Dutch organisations are still a long way from realising the SDGs

23 Jan 2023 12:00 | Centre for Economic Transformation

In this first-time report titled the SDG Barometer 2022, the Netherlands can gain important insights regarding the adoption of the Sustainable Development Goals (SDGs) by Dutch organisations. This research has been carried out by Amsterdam School of International Business (AMSIB) at the Amsterdam University of Applied Sciences (AUAS), Maastricht School of Management from Maastricht University, and TIAS School for Business and Society of Tilburg University.

With the deadline of 2030 only seven years away, 69% of Dutch organisations are currently integrating the Sustainable Development Goals (SDGs) into their organisational strategy to some extent.

According to Carolyn O’Rourke, Researcher and Senior Lecturer Ethics, Responsibility and Sustainability at AMSIB:

the research indicates that the biggest obstacles for organisations to adopt the SDGs in their strategy have to do with the lack of knowledge of how to incorporate them into strategy. Our university can play a bigger role in bringing relevancy of the SDGs to business by better incorporating them into our curriculum and educating future business leaders.

Positive trends

Awareness of the SDGs among Dutch organisations is high. The report indicates that of the 316 organisations and businesses that participated in this research, 91% are familiar with the SDGs. Only two percent do not pay any attention to sustainability. Compared to two years ago, three out of four organizations say their attention to sustainability has increased.

Another reason for optimism is that sustainability and the SDGs seem to have become the responsibility of senior management. In almost half of the responding organisations, SDG-related initiatives are the responsibility of senior managers, a member of the management team or a member of the executive board, making sustainability no longer a peripheral issue.

However, the study also found that there is still a lot of variance. Sustainability laggards are the next-door neighbours of sustainability leaders. For example, 9% of organizations are not at all familiar with the SDGs while 12% of organizations do not have a sustainability strategy and 11% have not integrated the SDGs and are not planning to do so. A total of 14% of organisations did not take the SDGs into account when developing strategies and policies. In terms of ‘sustainability maturity’, 21% stated that they were in a (very) low phase of maturity. Furthermore, 76% of organisations either do not measure, or measure very limitedly the impact of their actions.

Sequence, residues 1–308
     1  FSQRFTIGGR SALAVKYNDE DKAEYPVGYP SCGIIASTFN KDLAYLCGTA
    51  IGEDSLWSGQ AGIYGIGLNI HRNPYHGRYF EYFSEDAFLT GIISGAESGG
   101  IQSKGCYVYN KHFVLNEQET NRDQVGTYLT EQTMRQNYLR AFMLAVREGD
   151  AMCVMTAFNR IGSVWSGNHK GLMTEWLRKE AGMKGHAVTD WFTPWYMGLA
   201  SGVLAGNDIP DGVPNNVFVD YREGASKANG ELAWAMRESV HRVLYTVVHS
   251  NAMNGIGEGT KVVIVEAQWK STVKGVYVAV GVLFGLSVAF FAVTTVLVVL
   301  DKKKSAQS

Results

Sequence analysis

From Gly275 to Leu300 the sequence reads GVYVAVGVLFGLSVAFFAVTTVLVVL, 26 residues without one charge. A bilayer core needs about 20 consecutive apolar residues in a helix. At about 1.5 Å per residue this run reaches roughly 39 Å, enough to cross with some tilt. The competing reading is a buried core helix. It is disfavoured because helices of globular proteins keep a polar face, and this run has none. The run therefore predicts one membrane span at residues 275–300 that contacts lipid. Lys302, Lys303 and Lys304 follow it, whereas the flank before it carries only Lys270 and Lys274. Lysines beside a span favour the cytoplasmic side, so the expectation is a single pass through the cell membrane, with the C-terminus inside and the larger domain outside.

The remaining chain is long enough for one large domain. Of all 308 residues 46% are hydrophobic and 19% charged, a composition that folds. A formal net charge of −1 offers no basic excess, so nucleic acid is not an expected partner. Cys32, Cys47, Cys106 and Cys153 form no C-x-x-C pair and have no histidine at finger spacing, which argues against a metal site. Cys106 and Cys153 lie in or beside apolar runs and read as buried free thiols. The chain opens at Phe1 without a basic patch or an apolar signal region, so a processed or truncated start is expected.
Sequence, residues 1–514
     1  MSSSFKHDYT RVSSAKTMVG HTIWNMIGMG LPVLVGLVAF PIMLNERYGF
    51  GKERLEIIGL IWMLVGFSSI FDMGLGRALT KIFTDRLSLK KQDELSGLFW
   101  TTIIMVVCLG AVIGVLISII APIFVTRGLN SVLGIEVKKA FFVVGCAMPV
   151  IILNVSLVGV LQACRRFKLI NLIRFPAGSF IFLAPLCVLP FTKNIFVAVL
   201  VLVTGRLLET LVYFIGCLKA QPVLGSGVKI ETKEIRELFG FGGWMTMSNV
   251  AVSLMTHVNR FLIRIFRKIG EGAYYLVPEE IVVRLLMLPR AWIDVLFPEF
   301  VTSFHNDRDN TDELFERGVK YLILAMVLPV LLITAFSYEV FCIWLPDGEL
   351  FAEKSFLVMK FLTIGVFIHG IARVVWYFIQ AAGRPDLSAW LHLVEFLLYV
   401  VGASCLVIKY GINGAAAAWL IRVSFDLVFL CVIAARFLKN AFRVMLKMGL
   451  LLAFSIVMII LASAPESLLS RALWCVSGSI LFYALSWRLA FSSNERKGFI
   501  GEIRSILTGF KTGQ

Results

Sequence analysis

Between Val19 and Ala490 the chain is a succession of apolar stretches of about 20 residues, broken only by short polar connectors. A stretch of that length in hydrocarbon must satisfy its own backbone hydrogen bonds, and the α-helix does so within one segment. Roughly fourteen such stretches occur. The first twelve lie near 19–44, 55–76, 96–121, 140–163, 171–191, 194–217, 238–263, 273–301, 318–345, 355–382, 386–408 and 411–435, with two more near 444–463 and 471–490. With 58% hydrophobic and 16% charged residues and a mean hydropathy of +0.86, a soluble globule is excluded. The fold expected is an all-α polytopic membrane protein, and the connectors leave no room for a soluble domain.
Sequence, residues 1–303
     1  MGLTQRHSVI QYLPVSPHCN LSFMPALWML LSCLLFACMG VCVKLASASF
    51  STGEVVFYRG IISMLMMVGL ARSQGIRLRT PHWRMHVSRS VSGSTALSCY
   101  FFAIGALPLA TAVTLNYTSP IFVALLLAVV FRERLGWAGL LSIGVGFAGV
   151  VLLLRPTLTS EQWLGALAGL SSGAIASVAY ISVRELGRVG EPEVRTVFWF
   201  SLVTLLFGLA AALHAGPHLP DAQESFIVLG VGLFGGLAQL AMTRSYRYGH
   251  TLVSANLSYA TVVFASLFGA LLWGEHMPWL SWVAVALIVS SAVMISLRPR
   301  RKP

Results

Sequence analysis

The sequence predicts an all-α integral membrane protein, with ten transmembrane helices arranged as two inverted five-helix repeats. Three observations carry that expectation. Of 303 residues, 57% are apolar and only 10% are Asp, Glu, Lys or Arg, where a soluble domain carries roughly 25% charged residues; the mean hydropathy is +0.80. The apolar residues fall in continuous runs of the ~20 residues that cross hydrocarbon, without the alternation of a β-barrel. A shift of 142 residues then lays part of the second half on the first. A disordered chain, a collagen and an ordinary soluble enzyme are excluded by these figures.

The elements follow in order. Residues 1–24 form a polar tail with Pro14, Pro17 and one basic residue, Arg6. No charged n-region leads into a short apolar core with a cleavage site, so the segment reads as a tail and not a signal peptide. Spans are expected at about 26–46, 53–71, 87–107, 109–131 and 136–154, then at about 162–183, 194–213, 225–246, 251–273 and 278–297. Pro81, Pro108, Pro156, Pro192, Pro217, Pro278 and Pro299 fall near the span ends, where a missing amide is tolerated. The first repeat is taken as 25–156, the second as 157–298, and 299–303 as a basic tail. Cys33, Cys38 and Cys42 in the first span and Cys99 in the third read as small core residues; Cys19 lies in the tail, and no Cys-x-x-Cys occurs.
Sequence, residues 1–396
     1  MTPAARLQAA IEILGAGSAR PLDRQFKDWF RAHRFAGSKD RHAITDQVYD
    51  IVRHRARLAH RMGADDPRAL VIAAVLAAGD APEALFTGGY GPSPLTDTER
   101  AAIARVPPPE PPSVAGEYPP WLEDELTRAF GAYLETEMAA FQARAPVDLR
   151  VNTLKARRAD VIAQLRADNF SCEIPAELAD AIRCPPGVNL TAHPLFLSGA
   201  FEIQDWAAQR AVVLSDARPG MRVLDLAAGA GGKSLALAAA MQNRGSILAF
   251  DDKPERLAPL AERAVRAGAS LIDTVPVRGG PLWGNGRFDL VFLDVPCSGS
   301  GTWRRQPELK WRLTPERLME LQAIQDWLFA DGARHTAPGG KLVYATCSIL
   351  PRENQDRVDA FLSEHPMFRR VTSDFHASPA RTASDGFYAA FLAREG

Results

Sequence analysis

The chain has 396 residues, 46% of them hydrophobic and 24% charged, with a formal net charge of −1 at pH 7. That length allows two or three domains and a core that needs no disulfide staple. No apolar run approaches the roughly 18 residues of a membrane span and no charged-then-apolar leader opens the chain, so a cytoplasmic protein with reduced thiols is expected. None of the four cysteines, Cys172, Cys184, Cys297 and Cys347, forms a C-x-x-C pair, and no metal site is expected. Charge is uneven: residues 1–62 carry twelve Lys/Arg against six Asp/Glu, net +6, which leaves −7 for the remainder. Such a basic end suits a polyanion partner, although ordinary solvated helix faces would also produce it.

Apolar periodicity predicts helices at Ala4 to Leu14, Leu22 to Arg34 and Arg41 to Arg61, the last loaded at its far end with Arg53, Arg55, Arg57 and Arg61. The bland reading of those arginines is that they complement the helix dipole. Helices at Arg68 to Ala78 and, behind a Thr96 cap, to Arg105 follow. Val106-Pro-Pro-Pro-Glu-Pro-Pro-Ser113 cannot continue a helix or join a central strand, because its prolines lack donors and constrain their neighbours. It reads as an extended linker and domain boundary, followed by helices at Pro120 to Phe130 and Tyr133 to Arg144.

At AUAS, our aim is to generate input for transformational business education and academic research on new business models incorporating the SDG’s. To this end, we will also provide open access to our data for educational and academic purposes.

Stated Vincent van den Berg, Researcher and Lecturer Business Research and Ethics, Responsibility and Sustainability at AMSIB.

Today's volatile world is not making it any easier

Just over the halfway mark towards the 2030 Agenda for Sustainable Development we are recovering from a global pandemic, the war in Ukraine is causing uncertainty in Europe, and we

have escalating global economic and social uncertainties. Inflation and the possibility of a recession are putting pressure on many organisations' commitment to the SDGs.

About the SDG Barometer

At the United Nations (UN) General Assembly in September 2015, 193 countries adopted 17 Sustainable Development Goals (SDGs) as part of the 2030 Agenda for Sustainable Development. The Netherlands is among the 193 countries that have ratified the SDGs.

Having reached the halfway mark between the 2015 adoption of the Agenda and the 2030 ‘deadline’, the Dutch SDG Barometer is the first national survey on the adoption and implementation of sustainability and the SDGs by Dutch organizations. In 2022 a total of 316 Dutch organizations participated in the online survey. Corporations represent the largest group of respondents (69%), followed by educational institutions (13%), governmental (9%) and not-for-profit organizations (9%).

Following the Belgian report, the Dutch SDG Barometer is a longitudinal research study executed by Amsterdam School of International Business at Amsterdam University of Applied Sciences, Maastricht School of Management at Maastricht University, and TIAS School for Business and Society at Tilburg University).

The survey will be repeated on a biennial basis to continue monitoring progress, or lack thereof.